The pressing issue for organisers of the ISL is how to ensure an avoidance of the second-season syndrome.
In December 20 last year, almost 37,000 fans turned out in Mumbai – a neutral venue – to watch Atletico de Kolkata beat Kerala Blasters 1-0 in the Final of the inaugural Indian Super League (ISL). In the last minute of stoppage time, Mohammed Rafique headed home a corner past the despairing dive of David James in the most dramatic of endings.
With an average attendance of almost 24,000 and an ability to make headlines in the local media that the regular league, the I-League, simply can’t compete with, the first ISL – backed by Indian conglomerate Reliance and the Indian FA’s commercial partners IMG – was generally seen as a success.
Even the selling of the eight franchises was big news with famous investors from diverse worlds such as cricket, Bollywood, business and European football (Atletico Madrid, Fiorentina and Feyenoord) all getting involved. These owners then brought in famous –
if seriously aging – overseas stars such as Robert Pires, Alessandro Del Piero, David Trezeguet, Freddie Ljungberg and Nicolas Anelka, and they were coached by international tacticians such as Zico, Peter Reid and Marco Materazzi.
All in all, this showed that, given the right conditions, Indians will turn out in significant numbers to watch football.
And the question of whether they will keep doing so once the novelty and a little of the glitz has worn off will be answered soon.
Ahead of the 2015 edition, which kicked off on October 3, several of the previous season’s star names had returned, but there did seem to be fewer big names this time around. Anelka is still with Mumbai City, another Chelsea old boy, Adrian Mutu, has signed for Pune City, while John Arne Riise and Florent Malouda have joined Delhi Dynamoes. On the coaching side of things, David Platt is in charge of Pune, Peter Taylor has succeeded David James at Kerala, Anelka is now player-coach after taking over from Peter Reid in Mumbai, and Roberto Carlos is a player-coach in Delhi.
The bulk of the competition’s players, however, come from the currently out-of-season I-League, and this is generally seen as a good thing as it increases the players’ earnings and their exposure to well-known foreign coaches and opponents.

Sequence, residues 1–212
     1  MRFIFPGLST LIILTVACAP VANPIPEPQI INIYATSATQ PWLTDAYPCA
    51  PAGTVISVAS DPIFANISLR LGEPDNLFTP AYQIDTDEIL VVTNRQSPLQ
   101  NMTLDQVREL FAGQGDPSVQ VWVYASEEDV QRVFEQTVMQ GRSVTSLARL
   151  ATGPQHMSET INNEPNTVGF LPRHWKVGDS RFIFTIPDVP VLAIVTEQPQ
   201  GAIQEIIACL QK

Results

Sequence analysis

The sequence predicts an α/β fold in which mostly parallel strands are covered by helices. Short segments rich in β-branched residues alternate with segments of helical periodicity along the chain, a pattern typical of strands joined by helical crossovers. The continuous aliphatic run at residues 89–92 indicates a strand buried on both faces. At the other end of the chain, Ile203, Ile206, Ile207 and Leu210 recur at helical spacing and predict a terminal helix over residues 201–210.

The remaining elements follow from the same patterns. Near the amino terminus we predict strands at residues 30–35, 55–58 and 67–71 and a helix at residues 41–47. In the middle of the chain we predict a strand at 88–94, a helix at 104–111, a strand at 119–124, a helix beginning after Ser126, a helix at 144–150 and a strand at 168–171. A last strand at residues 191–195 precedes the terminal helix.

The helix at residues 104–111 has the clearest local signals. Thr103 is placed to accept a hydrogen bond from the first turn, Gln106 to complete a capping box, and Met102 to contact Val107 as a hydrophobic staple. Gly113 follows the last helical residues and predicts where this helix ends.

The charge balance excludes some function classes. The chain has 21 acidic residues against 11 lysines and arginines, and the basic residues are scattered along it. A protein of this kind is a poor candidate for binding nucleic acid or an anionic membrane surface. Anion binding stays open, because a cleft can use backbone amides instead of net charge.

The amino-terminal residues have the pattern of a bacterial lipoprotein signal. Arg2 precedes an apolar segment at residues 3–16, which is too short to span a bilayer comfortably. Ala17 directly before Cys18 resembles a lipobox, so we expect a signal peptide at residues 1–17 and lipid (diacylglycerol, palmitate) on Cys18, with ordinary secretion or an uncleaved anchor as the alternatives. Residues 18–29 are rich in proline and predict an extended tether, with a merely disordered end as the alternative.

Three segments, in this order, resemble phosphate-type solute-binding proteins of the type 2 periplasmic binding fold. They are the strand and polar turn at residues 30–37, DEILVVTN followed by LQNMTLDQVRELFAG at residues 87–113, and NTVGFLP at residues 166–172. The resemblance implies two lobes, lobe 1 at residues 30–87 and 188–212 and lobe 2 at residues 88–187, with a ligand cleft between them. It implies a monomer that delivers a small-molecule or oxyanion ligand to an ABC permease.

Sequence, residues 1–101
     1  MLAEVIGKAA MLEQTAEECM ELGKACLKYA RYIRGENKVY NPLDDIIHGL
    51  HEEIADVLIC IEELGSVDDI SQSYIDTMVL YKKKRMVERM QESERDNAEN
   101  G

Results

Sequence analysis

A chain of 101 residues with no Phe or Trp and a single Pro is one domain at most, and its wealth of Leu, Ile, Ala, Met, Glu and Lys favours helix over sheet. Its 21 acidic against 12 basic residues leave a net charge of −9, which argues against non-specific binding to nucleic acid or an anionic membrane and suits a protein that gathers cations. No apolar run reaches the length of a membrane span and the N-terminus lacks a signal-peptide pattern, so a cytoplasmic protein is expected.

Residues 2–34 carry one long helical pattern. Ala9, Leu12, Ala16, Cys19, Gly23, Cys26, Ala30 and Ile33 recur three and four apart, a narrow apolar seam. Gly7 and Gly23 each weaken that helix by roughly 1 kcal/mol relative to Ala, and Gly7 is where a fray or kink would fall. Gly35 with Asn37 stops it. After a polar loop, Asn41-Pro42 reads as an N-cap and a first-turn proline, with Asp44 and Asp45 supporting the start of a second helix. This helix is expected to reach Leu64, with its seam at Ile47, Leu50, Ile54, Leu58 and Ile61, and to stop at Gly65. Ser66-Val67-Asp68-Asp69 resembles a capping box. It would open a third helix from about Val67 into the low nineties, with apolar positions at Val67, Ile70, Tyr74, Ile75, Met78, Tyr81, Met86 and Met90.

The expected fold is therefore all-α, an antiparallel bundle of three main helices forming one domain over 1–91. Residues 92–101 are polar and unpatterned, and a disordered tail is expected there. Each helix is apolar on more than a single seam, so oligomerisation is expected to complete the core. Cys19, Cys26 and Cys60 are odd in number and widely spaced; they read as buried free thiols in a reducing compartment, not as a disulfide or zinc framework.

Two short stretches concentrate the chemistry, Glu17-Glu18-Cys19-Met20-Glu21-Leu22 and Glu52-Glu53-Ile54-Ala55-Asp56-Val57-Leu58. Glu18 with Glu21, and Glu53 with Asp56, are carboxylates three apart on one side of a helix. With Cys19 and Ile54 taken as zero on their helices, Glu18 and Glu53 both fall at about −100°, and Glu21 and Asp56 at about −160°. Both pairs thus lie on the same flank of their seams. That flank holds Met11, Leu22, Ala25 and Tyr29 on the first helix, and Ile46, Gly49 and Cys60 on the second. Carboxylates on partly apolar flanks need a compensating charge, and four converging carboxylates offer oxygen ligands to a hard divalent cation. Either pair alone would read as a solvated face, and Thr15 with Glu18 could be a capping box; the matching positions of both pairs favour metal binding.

The bread-and-butter competition that started in 2007 lacks the glamour of the new arrival and has an average attendance of less than 5,000. It has 11 teams and is based mostly in the relative football-loving hotspots of Kolkata, Goa and the north-east of the country, as well as Mumbai and Pune.
Whether the Super League helps or harms the I-League is a matter for debate. The ISL has many advantages – not least money, exposure and better facilities – and some believe that the new tournament takes money and attention away from where it is needed most. But others argue that this is entirely new money and attention, and the longer it continues the more it will help to create a solid infrastructure in the country from which all will benefit.
On the negative side, there are rumours that I-League clubs Pune FC and Bharat may not participate when the new season kicks off at the end of the ISL campaign. And such worries have added impetus to a new and major development: the discussion over increasingly when, and not if, the two competitions will be merged.
“We will have only one league in the next two to three years, but how to merge these two together is being planned out,” said All India Football Federation general secretary Kushal Das in August. “It has been a long time that there’s been no change in football here, it needs a shake up. We have a roadmap and even all stakeholders have the same view of having just one league.”
Supporters of the merger hope that combining the glitz, glamour and money of the ISL with the more solid football foundation that the I-League provides is the way forward for Indian football. But not all agree. The country’s best-ever player, Bhaichung Bhutia, believes that the I-league must improve on the pitch and upgrade the facilities off it before there can be any merger.
Talk of patience may fall on deaf ears especially if the next I-League season is a tough one.
There are plenty of issues to discuss – especially if, as many believe, the ISL with its bigger brand power basically absorbs its older and bigger brother. What will be done about promotion and relegation, which takes place in the I-League but not the ISL? And will there be a place for historic Indian club sides such as Mohun Bagan, who recently celebrated their 125th birthday, and Kolkata rivals East Bengal.
For most, the pressing issue for organisers of the ISL is how to ensure an avoidance of the second-season syndrome. What comes after remains to be seen.
Atletico de Kolkata
Salt Lake Stadium (68,000)
Coach: Antonio Lopez
Squad includes: Josemi, Helder Postiga.
Jawaharlal Nehru Stadium (40,000)
Coach: Marco Materazzi
Squad includes: Elano, Bernard Mendy.
Jawaharlal Nehru Stadium (60,000)
Player-coach: Roberto Carlos,
Squad includes: John Arne Riise, Florent Malouda.
Fatorda Stadium (19,800)
Squad includes: Lucio, Leo Moura.
Jawaharlal Nehru Stadium (60,000)
Coach: Peter Taylor
Squad includes: Carlos Marchena, Peter Ramage.
DY Patil Stadium (55,000)
Player-coach: Nicolas Anelka
Squad includes: Darren O’Dea.
Indira Gandhi Athletic Stadium (35,000)
Coach: Cesar Farias
Squad includes: Simao Sabrosa, Boubacar Sanogo.
Balewadi Sports Complex (18,000)
Coach: David Platt
Squad includes: Adrian Mutu, Didier Zokora, Tuncay Sanli, Kalu Uche.
Regular season started October 3, 2015
Regular season ends December 6, 2015
Final December 20, 2015
By John Duerden